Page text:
The Law Offices of Kathleen Colton, Ltd.
             Criminal Defense / P.O. Box 1364 / St. Charles, IL 60174
HomeKathleen ColtonAbout UsCriminal LawIn the PressComments & ArticlesContact Us

Sugar Grove roommate acquitted in sword attack
By Rita Hoover
Special to the Chicago Tribune
July 13, 2005
A Sugar Grove man who testified he used a samurai sword to defend himself from his roommate was acquitted of armed violence Tuesday by a Kane County jury.

The defendant, Ray A. Wilson, 48, of the 800 block of Merrill New Road mouthed a silent "thank you" to jurors when they returned a not-guilty verdict after about two hours of deliberation.

Kane County Assistant State's Atty. Amy Engerman expressed disappointment in the jury's verdict after the two-day trial before Kane County Circuit Judge Philip DiMarzio. "We believed the evidence was corroborated by our witness' testimony, and we still do," said Engerman.

Both Wilson and the state's key witness, David Suthard, 33, of Chicago, who had been addicted to crack cocaine, testified that the two fought in Wilson's bedroom the night of Nov. 8, and that Wilson used the sword against Suthard, nearly slicing off the man's ear.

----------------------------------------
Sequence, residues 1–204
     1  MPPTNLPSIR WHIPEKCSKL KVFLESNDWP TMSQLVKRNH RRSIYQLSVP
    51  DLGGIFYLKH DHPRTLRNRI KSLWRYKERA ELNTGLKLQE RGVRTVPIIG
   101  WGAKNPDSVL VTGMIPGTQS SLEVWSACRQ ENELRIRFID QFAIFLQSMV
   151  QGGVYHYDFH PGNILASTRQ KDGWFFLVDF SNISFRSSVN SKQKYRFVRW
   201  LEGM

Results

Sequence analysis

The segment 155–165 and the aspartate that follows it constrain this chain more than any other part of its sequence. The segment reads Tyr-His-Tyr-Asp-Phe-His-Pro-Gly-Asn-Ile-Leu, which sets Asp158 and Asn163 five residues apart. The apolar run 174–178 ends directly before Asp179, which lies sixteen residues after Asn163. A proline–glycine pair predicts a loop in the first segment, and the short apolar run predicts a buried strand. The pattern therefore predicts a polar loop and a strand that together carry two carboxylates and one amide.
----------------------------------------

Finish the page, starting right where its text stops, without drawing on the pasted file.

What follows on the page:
But both men also said they acted in self-defense in the fight. Wilson testified that he had locked his bedroom door and gone to sleep when he was awakened by the sound of Suthard rifling through his dresser. He accused Suthard of stealing his money, Wilson said, and when he reached to check one of Suthard's pockets, "he latched onto my neck like some kind of pit bull," Wilson said.

The defendant, who stands 6-feet 3-inches and weighs more than 200 pounds, said he could not get the 5-foot 6-inch, 150-pound Suthard to stop biting his neck and was forced to carry Suthard across the room attached to his neck so he could get the sword.

"I didn't want to kill the fool," Wilson said, but he feared for his own life and was desperate to subdue Suthard. Wilson said he did not get medical treatment for the bite wound, but that he still suffers from numbness in his neck.

The defendant, who was convicted of bank robbery in California in the 1990s, said that after Suthard calmed down, Suthard begged him to not call the police, and so he didn't. "I figured he got punished for what he did and I got punished for being stupid enough to let him in my house." Wilson called Suthard's mother and told her to pick him up, he said.

Kathleen Colton, Wilson's attorney, said he is "very grateful" to be acquitted. Wilson was not released from jail, however, because he is facing more aggravated battery charges stemming from an incident in the Kane County Jail in May. He will return to court Friday for a bail reduction motion in that case.